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What To Inspect before Considering Credit Card Offers

Around a quarter or less of sale purchases are now made with cash[1]. And about a third or more are made by a credit card, with another third or so made by a debit card. Paper checks and a other minor payment methods would make up the rest.

Thus, almost everyone can use a credit card as a convenience tool that saves them time, allows them to avoid carrying a lot of cash around, and also helps them improve their credit score by making consistent on-time monthly payments.

But how do you know which credit card offers[2] are the best? After all, it seems like even when you have less than perfect credit, tons of credit card offers keep coming in the mail. How do you sort through the never-ending stream of offers and find the ones that best fit your needs?

1. Choose A Reputable Company

Do a little research on the credit card company before you decide to send in an application. Some companies have a reputation as “loan sharks” or of extremely poor customer service.

Others are well-known household names or, at least, are well respected by those who are familiar with their business dealings. Do a little online research to put yourself “in the know.”

2. Look For A “No Annual Fee” Policy

no annual fee
In the final analysis, an annual fee is the money you automatically have to pay just for the privilege of using the card. With all other fees, there are ways to avoid having to pay this.

You are probably better off with a higher interest rate and cash withdrawal fee rate than with an annual fee. If you can’t avoid an annual fee entirely, look for the lowest one possible.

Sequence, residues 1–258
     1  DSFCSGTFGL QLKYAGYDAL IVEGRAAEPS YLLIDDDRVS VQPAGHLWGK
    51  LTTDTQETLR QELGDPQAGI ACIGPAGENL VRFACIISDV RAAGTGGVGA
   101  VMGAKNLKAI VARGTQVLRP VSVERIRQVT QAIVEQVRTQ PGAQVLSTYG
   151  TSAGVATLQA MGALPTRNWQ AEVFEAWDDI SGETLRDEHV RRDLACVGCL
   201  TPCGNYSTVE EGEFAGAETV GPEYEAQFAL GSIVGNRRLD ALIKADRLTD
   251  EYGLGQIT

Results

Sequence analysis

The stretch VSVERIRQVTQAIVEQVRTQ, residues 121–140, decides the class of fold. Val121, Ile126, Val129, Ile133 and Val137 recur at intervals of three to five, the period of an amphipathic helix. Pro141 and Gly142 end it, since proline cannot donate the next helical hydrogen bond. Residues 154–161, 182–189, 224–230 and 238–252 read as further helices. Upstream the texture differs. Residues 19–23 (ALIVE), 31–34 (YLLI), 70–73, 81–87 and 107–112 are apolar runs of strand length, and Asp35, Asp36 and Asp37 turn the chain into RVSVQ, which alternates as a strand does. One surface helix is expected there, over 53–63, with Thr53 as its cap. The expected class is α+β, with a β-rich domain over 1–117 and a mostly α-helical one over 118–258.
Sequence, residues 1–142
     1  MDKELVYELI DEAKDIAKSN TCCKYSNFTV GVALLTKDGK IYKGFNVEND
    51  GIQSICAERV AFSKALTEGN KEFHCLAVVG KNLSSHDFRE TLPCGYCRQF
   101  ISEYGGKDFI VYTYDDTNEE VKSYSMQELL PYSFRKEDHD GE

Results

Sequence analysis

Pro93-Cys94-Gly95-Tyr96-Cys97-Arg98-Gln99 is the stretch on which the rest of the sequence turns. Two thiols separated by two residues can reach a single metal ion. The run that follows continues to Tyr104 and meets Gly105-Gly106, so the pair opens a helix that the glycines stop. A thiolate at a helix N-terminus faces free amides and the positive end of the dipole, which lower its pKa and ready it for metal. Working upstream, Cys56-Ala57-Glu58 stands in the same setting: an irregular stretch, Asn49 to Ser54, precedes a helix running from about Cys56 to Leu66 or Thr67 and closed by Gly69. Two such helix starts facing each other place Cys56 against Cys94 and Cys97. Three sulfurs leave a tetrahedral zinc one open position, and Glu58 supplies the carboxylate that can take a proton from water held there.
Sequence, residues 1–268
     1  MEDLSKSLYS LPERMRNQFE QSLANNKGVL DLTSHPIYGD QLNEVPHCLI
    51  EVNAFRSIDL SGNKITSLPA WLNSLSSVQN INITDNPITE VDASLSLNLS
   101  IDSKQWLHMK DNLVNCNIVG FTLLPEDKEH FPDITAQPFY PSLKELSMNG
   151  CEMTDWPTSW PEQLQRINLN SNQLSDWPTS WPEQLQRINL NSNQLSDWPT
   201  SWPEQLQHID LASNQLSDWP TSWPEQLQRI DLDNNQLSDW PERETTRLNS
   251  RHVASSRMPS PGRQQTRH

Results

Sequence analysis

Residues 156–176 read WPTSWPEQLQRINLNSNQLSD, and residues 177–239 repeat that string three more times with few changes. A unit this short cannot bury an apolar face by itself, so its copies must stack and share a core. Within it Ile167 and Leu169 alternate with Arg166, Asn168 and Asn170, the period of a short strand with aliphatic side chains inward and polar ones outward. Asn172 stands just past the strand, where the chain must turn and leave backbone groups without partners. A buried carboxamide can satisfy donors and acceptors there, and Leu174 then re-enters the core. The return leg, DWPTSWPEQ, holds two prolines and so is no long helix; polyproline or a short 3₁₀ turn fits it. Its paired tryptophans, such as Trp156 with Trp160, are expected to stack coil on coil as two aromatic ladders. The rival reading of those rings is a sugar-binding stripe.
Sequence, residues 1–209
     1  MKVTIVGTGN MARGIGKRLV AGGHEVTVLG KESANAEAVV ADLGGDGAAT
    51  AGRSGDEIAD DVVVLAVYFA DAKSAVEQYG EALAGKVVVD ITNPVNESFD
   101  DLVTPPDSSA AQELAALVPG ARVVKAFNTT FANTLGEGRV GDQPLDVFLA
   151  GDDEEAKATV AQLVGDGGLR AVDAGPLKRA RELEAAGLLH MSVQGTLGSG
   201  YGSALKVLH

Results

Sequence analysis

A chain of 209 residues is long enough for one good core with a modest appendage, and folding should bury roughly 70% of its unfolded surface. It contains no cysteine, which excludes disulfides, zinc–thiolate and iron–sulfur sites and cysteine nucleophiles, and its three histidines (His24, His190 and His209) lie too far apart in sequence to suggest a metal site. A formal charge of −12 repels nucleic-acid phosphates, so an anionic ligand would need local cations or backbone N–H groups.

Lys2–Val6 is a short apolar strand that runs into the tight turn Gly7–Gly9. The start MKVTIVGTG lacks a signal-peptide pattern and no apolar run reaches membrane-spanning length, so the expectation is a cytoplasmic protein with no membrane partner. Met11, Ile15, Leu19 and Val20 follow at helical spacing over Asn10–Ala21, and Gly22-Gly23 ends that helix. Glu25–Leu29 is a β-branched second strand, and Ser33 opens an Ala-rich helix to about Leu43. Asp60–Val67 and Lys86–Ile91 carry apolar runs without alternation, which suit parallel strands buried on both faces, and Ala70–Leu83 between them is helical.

3. Look For How Paying Interest Can Be Avoided

The one other exception to the avoidability of fees (besides mandatory annual fees) is when interest is accrued as soon as you make the purchase.

Most cards allow you to avoid interest by paying off your balance in full before the end of the billing cycle. Others may only give you 20 or so days.

You should be able to find a credit card that lets you pay no interest if you pay it off in full every month. Make this a high priority factor.

4. Find The Lowest Interest Rate Possible

lowest interest rate possible

If you have poor credit, you may not be able to get a super-low interest rate on your credit card. As we have noted above, there are some factors more likely to cost you extra money than even a higher interest rate, but certainly this is also a key factor to consider.

A 15% or 20% APR is pretty average, depending on card type[3]. APR of 13% is often available for those with great credit, while 23% might be more normal for poorer credit. Compare and save.

5. Get Your Maximum Credit Line

It’s no secret that one credit card company will limit you to, say, a $1,000 credit limit, while another one might let you have $2,000 or more to work with.

A higher limit will prevent you from getting too close to the limit (which can hurt your credit score) besides giving you more financial flexibility.

See More: A Guide To Manage Your Money Better And Choosing The Best Bank For You

6. Check Out The Perks The Card Offers

the card offers

As to perks, it depends on your preferences. Some will prefer a card with travel points, that is accepted widely overseas, and that has low or no foreign transaction fees. Others might prefer some sort of a cashback scheme.

Still there are those who might prefer to earn gift cards or prizes. This really shouldn’t be your number one decision-maker, whatever the hype, but perks can definitely tip the balance in one direction instead of the other.

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